4. Sign up for a question of the day

A tool we love at HC is the question of the day. SAT or ACT questions of the day feature sample questions similar to what you’ll see on the tests, but are not exact replicas of test questions. One collegiette used this in her college application days and owes a lot of her success on the tests to the habit!

“It just shows up in your inbox each day, so it’s a quick method to remember studying without really thinking about it or making an extra effort,” says Erica Howes, a senior at Miami University.

These questions help you to become familiar with the wording and difficulty of the test questions in a small dose every day, which Pabin says can help you to realize how simple improving your score can be.

“Every six questions you get right, your ACT score goes up one point,” he says. “So if you get six more questions right each time you take the test, you’re already getting quite a bit better.”

You can find the SAT question of the day on the SAT website. You can also follow the SAT question of the day on Twitter.  For the ACT, you can see the question of the day here.

5. Buy a test prep book

Although buying a book requires spending a little bit of money, it’s a great way to get all the best tips directly in your hands. You can also order online versions of each prep book.

The official SAT test prep book is $31.99. You can buy it on their website and even receive a 20 percent discount if you buy it before December 30. You can also order The Real ACT Prep Guide ($30.95), which includes five practice tests from old tests.


With all these tips in mind, getting a #winning score on those tests is definitely in reach. So circle that test date on your calendar and set aside a few minutes every day to work on getting a brilliant score!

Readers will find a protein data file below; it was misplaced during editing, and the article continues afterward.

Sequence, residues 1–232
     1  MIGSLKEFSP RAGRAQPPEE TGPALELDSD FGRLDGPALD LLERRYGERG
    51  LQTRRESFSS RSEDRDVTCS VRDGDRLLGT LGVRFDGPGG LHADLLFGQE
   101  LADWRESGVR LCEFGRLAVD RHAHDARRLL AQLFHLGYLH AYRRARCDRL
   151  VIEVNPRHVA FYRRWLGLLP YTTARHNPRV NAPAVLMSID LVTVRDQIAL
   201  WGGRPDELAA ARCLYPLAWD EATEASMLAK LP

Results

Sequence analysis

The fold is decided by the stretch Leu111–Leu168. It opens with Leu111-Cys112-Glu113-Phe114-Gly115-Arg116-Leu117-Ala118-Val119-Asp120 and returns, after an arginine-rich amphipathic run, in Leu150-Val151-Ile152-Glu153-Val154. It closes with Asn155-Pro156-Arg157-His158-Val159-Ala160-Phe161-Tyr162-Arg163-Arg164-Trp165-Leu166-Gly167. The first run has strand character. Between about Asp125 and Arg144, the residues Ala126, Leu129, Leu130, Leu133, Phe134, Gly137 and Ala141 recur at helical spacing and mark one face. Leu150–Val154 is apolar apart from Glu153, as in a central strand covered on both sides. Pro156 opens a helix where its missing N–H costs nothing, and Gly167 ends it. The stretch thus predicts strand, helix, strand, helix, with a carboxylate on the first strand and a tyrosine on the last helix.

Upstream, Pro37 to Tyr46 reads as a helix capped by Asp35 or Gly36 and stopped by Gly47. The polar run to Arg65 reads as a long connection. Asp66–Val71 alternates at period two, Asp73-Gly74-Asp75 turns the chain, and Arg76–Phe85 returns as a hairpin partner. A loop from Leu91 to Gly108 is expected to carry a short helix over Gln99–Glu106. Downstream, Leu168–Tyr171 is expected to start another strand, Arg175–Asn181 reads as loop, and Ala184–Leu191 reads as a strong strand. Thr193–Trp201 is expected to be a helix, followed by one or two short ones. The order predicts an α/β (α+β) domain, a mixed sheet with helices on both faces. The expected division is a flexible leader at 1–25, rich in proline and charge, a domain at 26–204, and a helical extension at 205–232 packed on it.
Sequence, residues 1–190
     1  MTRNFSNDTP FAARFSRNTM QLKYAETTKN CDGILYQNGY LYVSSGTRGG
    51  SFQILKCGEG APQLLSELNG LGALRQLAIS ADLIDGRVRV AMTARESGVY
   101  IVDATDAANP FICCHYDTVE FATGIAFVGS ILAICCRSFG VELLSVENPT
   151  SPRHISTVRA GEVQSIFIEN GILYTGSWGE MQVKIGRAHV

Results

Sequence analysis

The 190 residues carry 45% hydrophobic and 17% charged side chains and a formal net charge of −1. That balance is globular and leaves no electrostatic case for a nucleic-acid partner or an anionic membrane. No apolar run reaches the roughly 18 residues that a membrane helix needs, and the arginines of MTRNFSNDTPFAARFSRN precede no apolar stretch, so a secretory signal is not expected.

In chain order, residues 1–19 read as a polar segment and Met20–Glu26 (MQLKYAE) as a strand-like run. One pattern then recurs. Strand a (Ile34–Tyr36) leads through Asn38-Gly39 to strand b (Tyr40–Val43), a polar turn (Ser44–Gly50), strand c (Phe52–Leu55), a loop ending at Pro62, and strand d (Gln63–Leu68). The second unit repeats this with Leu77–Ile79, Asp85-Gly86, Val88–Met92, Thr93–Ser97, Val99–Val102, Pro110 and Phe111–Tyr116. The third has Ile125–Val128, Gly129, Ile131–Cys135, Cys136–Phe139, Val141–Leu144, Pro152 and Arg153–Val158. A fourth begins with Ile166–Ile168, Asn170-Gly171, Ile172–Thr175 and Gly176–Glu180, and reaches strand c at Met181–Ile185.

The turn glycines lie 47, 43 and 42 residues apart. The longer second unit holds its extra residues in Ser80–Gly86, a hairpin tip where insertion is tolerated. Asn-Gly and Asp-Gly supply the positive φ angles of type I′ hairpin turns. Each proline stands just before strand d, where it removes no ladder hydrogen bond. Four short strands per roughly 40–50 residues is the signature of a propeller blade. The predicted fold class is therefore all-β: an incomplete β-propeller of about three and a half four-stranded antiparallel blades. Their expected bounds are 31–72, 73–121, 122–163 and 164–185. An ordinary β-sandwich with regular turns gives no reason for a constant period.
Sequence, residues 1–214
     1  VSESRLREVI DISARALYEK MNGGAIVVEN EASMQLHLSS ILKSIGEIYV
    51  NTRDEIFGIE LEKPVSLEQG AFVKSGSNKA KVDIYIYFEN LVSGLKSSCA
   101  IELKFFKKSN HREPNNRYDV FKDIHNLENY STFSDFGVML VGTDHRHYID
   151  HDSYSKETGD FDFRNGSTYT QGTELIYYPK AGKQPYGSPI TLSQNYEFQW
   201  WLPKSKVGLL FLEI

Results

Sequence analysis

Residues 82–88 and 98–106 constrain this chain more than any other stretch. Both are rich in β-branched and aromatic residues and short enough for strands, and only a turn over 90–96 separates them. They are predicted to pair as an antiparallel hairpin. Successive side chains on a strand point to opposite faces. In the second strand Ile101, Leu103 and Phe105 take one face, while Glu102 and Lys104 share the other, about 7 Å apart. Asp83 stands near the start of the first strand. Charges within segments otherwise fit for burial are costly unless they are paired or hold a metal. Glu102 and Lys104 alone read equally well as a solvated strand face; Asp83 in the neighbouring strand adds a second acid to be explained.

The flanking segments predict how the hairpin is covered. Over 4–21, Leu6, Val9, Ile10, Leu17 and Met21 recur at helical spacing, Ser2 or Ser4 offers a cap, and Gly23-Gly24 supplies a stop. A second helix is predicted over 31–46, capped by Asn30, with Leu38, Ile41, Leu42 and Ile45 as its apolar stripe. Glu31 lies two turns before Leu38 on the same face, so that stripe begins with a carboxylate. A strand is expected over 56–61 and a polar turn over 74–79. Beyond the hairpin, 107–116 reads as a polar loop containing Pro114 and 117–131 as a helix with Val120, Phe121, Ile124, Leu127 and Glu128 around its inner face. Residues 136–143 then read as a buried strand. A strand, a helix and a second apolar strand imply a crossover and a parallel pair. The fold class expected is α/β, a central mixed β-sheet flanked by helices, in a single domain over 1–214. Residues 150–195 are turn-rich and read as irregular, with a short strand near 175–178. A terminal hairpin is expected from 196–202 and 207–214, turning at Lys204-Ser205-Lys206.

“Once you become a mature tester (meaning you’ve taken the test a bunch of times and you know what to expect) and [you] follow a few basic tips, that’s all you need,” says Pabin.

Before you know it, you’ll be a collegiette with the stress of the ACT and SAT far behind you!

Hi, y'all! My name is Amanda and I'm currently a junior at Miami University. At Miami, I study Journalism and Professional Writing and run on the cross country and track team. 
Cassidy is a Digital Production intern at Her Campus. She's currently a junior studying journalism at Emerson College. Cassidy also is a freelance reporter at the Napa Valley Register and a staff writer at Her Campus Emerson. Previously she blogged for Seventeen Magazine at the London 2012 Olympics, wrote for Huffington Post as a teen blogger and was a Team Advisor at the National Student Leadership Conference on Journalism, Film, & Media Arts at University of California, Berkeley and American University in Washington, D.C.. When she's not uploading content to Her Campus or working on her next article, Cassidy can be found planning her next adventure or perfecting her next Instagram. Follow her on Twitter at @cassidyyjayne and @cassidyjhopkins.